Since menarche signals the start of womanhood, avoiding any accusation of unchaste behaviour became a preoccupation. One day, Gayatri’s parents arranged an informal engagement ceremony with her maternal uncle, and soon after they performed a yadi-mele-shadi (marriage on the spot after an instant decision) at the age of 14, Gayatri was largely unaware of the significance of the event. Although she had been married for 18 months, she still lived at home as gauna had not yet been performed (the ritual at the time the girl moves in with the husband, and the marriage gets consummated). While both her parents and in-laws initially agreed that Gayatri should continue her education, she dropped out after completed 8th standard. She failed to convince her parents to let her attend 9th standard, available only in a nearby village:

“…I think the society won't keep quiet if my parents send me to school after marriage … they blame my parents … that would be the reason for my parents not to send me to school… I wanted to go to school … that was my dream … but they did not value my wish” (Gayatri, Vijayapura, both the parents are illiterate).

The fear of social sanctions and avoiding any suspicion of her sexual purity was the main reason for Gayatri’s drop out. Her parents have prioritised ensuring Gayatri adherences to mobility restrictions over her schooling.

Case #5 –Sharanamma.

As the fifth of six siblings, Sharanamma leaving school seemed predictable given the pronounced gender bias in parental aspirations and discriminatory practices in her family. Her father–educated to 3rd standard and working as a shepherd–did not approve of her mother working as a cook in a student hostel and this had led to many fights between her parents. The first two daughters left school early and married at a very young age to two brothers to reduce wedding expenses. While her elder brother received on-going family support for his education, the fourth child, a daughter, got married when she was in 8th class. Sharanamma’s parents had felt compelled to accept a marriage proposal by the bridegroom’s family. Although they had promised the sister she could continue school, her in-laws did not consent, so she dropped out. The parents never showed interest in Sharanamma’s education, and she shouldered a heavy burden at home:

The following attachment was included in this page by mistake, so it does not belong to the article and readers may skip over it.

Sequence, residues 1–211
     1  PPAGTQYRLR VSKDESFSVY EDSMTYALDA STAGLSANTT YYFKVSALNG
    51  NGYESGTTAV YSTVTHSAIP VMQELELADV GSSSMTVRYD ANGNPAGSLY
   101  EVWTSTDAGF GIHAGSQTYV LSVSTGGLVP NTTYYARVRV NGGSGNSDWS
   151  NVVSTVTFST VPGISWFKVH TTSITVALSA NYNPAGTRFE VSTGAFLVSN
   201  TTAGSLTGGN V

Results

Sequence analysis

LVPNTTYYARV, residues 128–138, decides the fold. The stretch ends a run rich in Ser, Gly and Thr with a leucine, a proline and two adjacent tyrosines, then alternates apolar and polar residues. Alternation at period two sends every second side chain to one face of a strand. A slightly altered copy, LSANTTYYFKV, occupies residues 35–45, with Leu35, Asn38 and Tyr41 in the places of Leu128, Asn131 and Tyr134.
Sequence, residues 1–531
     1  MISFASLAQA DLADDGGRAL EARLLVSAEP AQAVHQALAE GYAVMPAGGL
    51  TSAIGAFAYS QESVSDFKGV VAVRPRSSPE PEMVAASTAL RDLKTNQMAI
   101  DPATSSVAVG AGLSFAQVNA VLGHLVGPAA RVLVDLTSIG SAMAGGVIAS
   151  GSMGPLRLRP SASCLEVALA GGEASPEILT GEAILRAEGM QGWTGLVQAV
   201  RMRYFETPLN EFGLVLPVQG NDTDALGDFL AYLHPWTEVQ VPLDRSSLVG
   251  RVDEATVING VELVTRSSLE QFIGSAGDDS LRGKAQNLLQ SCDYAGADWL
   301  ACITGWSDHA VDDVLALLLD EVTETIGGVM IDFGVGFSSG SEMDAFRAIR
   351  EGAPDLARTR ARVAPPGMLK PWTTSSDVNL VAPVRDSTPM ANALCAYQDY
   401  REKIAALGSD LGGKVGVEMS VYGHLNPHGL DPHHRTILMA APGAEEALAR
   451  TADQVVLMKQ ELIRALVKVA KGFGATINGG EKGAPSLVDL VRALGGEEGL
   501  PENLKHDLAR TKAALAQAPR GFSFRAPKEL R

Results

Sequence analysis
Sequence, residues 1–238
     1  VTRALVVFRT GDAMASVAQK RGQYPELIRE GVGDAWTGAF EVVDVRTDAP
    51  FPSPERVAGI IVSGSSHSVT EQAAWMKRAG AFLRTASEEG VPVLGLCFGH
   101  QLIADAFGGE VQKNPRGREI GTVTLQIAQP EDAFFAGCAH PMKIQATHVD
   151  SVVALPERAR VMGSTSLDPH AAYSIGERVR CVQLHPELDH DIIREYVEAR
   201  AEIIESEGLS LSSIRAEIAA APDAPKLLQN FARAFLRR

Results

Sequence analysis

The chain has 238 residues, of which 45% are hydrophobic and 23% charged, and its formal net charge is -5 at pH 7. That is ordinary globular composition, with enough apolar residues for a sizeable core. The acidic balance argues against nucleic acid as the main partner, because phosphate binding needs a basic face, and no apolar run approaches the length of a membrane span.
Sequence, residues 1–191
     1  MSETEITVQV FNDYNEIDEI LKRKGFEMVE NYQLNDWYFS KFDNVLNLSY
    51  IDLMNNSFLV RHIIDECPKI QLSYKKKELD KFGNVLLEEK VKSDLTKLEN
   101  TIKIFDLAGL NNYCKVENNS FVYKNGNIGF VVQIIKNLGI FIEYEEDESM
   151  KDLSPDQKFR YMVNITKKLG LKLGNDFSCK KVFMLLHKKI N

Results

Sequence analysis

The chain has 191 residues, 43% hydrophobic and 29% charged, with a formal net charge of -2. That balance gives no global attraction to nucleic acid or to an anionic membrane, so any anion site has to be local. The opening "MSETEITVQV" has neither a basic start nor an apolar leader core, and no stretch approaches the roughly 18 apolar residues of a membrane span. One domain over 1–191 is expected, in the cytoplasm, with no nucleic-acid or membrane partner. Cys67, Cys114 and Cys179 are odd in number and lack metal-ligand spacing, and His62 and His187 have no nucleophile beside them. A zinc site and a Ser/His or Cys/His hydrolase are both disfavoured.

After getting up at 5 am daily, I clean the vessels, broom [sweep] the floors and after that, I go to the canal to wash the clothes. I cook food and look after my elder sister children. My father asks me to go to the field to graze sheep whenever he goes outmother asks me to cook foodit is a lot of work, and I can't concentrate on my studies” (Sharanamma, Vijayapura, Father: 6th Class & Mother: illiterate).

Her regular absences from school and inability to do her homework resulted in difficulties keeping up and punishment by her teachers.

Our teachers scolded methey [teachers] said that if I can’t complete homework, I should sit at home instead of coming to schoolI told them I have a lot of work at home. Even then, they punished. They use to beat me with a stickmy hands became red” (Sharanamma, Vijayapura, Father: 6th Class & Mother: illiterate).

Lacking support at home and at school, Sharanamma lost interest in school and left after 8th standard.